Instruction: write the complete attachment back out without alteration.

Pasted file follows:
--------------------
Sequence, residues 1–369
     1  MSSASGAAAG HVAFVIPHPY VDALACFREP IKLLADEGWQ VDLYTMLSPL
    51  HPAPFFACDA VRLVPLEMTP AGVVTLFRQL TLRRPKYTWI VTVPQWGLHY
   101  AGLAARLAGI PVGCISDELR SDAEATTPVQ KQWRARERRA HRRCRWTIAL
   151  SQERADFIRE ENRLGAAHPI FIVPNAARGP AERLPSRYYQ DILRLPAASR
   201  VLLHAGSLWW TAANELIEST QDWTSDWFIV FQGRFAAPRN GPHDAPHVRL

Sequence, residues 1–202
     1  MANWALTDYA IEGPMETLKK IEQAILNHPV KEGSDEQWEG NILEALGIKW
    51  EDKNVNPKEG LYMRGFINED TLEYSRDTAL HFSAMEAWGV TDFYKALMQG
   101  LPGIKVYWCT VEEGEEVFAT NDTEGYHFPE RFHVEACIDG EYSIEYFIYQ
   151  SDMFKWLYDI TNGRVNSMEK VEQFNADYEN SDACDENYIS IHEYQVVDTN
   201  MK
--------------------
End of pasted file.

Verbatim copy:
Sequence, residues 1–369
     1  MSSASGAAAG HVAFVIPHPY VDALACFREP IKLLADEGWQ VDLYTMLSPL
    51  HPAPFFACDA VRLVPLEMTP AGVVTLFRQL TLRRPKYTWI VTVPQWGLHY
   101  AGLAARLAGI PVGCISDELR SDAEATTPVQ KQWRARERRA HRRCRWTIAL
   151  SQERADFIRE ENRLGAAHPI FIVPNAARGP AERLPSRYYQ DILRLPAASR
   201  VLLHAGSLWW TAANELIEST QDWTSDWFIV FQGRFAAPRN GPHDAPHVRL

Sequence, residues 1–202
     1  MANWALTDYA IEGPMETLKK IEQAILNHPV KEGSDEQWEG NILEALGIKW
    51  EDKNVNPKEG LYMRGFINED TLEYSRDTAL HFSAMEAWGV TDFYKALMQG
   101  LPGIKVYWCT VEEGEEVFAT NDTEGYHFPE RFHVEACIDG EYSIEYFIYQ
   151  SDMFKWLYDI TNGRVNSMEK VEQFNADYEN SDACDENYIS IHEYQVVDTN
   201  MK